HIDALGO, Texas (Border Report) – Luis Fernando Castro is a pastor at Instituto Epicentro in Monterrey, Mexico, whose organization has long helped asylum-seekers in what is that country’s second-largest city.
But he says they have never experienced the number of migrants as they are right now, since Title 42 was lifted at the U.S./Mexico border and the United States is sending back to Mexico those who do not qualify under the new Title 8 legal pathway requirements.
“We are watch(ing) a crisis for the immigrants that stopped at Monterrey because in the past Monterrey wasn’t a city that had immigrants, but nowadays Monterrey has a lot of immigrants,” Castro told Border Report as he visited the Rio Grande Valley of South Texas to help asylum-seekers on the border during the long Memorial Day holiday weekend.
Castro says daily 300 and 400 asylum-seekers show up at Monterrey’s main bus terminal.
They lack money, clothing, housing and information on how to legally apply for U.S. asylum under the CBP One app, which all migrants must now use to schedule asylum interviews.
“We see a lot of families with little babies and women, people that really have needs. So the people in Monterrey, now we have compassion to that kind of, of persons because we think that can be our own family – making that process – so we have compassion for them,” Castro said.
Members of Instituto Epicentrol, a biblical institute where missionaries are trained, can volunteer to help the migrants through their Pan de Vida program.
Volunteers go to the bus stop daily taking food, hygiene items, offering travel advice, and sharing biblical passages, he said.
“We work at the bus terminal, and we share the gospel there. And we also share food and and things for personal care, to the immigrants,” Castro said. “So we share the things that we think are very special. That is the gospel to feel their their spirit, also.”
Volunteers with the Pan De Vida program through Instituto Epicentro biblical institution help provide for the needs of asylum seekers at the bus station in Monterrey, Mexico. (Photos Courtesy Instituto Epicentro)
Castro was in South Texas seeing how Practice Mercy Foundation and other asylum-seeking volunteers help those south of the Rio Grande.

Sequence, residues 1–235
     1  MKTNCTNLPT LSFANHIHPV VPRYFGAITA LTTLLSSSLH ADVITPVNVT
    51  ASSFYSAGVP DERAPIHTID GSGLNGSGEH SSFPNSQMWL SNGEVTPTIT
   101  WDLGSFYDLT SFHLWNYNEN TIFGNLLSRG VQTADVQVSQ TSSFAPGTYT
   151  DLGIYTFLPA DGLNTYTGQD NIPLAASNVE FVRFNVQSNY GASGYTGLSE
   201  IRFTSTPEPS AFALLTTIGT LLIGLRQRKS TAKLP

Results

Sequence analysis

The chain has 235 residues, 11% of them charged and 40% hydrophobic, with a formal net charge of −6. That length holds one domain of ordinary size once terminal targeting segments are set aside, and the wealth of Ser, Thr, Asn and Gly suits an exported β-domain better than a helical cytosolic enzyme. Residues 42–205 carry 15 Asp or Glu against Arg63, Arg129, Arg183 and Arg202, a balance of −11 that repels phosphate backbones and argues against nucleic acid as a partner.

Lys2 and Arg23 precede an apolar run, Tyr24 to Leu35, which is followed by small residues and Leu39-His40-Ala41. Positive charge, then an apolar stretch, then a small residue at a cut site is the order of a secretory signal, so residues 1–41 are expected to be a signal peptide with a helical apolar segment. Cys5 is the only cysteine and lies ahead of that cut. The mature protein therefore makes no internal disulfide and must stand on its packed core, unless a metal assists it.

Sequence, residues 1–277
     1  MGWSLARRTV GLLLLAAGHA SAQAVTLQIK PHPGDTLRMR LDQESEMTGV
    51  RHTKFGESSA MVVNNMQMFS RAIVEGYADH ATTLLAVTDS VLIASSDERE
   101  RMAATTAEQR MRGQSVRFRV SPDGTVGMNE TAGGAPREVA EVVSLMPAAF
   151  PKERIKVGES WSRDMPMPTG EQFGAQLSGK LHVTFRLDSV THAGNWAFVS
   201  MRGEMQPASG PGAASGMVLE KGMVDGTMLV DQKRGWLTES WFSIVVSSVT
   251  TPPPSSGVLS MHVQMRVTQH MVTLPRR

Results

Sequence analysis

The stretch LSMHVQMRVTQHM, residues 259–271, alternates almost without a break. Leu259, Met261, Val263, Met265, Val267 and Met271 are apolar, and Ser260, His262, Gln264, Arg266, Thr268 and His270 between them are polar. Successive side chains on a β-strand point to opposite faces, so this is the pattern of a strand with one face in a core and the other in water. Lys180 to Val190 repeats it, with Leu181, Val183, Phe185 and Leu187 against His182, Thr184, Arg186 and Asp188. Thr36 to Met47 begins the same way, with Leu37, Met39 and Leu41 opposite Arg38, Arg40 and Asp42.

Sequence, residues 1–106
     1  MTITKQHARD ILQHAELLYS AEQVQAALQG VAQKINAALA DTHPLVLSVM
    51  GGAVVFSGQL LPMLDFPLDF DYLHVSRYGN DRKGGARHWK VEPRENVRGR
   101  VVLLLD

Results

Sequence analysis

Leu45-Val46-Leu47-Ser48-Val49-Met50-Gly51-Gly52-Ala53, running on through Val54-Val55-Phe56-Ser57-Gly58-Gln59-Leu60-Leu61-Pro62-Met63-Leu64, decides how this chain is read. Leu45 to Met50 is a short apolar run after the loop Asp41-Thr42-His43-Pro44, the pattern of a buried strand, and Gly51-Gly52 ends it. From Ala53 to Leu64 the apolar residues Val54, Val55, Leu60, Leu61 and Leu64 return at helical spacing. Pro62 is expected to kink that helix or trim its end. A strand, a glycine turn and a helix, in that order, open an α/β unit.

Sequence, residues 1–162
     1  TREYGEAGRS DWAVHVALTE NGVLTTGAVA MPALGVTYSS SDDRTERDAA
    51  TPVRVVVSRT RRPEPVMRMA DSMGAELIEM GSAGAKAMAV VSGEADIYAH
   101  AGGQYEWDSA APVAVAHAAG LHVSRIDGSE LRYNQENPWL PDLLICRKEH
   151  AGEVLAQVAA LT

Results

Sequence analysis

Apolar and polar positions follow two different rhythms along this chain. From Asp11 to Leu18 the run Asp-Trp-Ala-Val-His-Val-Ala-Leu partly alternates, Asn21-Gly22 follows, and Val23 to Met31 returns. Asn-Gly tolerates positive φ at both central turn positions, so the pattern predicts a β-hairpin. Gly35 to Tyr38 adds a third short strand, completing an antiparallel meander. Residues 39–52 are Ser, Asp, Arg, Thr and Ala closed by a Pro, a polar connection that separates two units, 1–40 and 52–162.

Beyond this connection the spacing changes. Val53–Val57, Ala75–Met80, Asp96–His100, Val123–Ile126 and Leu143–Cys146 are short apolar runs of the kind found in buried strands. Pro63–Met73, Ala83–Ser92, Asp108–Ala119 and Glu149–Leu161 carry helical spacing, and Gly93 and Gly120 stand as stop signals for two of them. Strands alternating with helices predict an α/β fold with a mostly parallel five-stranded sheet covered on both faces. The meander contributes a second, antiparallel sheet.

They crossed into Matamoros, south of Brownsville, Texas; and Reynosa, south of McAllen, for four days.
U.S. volunteers fit migrants for eyeglasses in Matamoros, Mexico, during the Memorial Day holiday weekend. (Photos Courtesy Practice Mercy Foundation)
“It’s for us a really good opportunity to meet people that are caring about the immigrants down there in Mexico,” Castro said.
He added that he’s also learning how they meet their housing, hunger and other needs. Which is important now that so many asylum seekers are showing up Monterrey every day.
Over 1.1 million people live in Monterrey, an industrial hub that has exploded in the last century. It also is geographically situated for easy travel routes to several U.S. destinations.
It’s 140 miles southwest of McAllen, Texas, and Reynosa, Mexico; and 140 miles due south of Laredo, Texas, and Nuevo Laredo, Mexico.
But it’s not so close to the border that the asylum seekers risk being sent to the southern part of Mexico by Mexican military or police.
U.S. Rep. Henry Cuellar, a Democrat from Laredo, Texas, who is ranking member of the House Homeland Security Appropriations Subcommittee, last week told Border Report that since Title 42 lifted on May 11, Mexico has sent over 30,000 migrants to its southern border to keep them away from the U.S. border, as part of agreements with Biden administration officials.
“What Mexico is doing over there is people that they used to just return right across, they’re now sending them into the southern part of Mexico. In the southern part of Mexico, they’re enforcing their immigration law, which means that if they don’t have their immigration papers, their transit papers, they’re sent back,” Cuellar said. “They’ve sent back over 30,000 people that did not have their immigration papers.”
U.S. Homeland Security Secretary Alejandro Mayorkas has promised that those who try to cross the border illegally will be sent back to Mexico or deported to their home countries.
Last week, the U.S. Border Patrol apprehended over 22,000 migrants at the border, U.S. Border Patrol Chief Raul Ortiz tweeted.
Since Title 8 replaced Title 42, migrants must enter at U.S. ports of entry via asylum interviews and those who do not qualify for humanitarian parole will be sent back, according to CBP.
Immigration experts say the changes in asylum pathways have caused a change in migrants waiting at the border, and those waiting in interior cities, like Monterrey.
And Cuellar says as long as Mexico is strictly enforcing its immigration laws, migrants will lay low.
“We don’t know how long Mexico is going to keep up this enforcement. History has told us that they might keep it for a month, a month and a half, two months, maybe. And after a while, interest, local politics, other interests come into play. And then they the enforcement level goes down. And then people start coming to the border,” Cuellar said.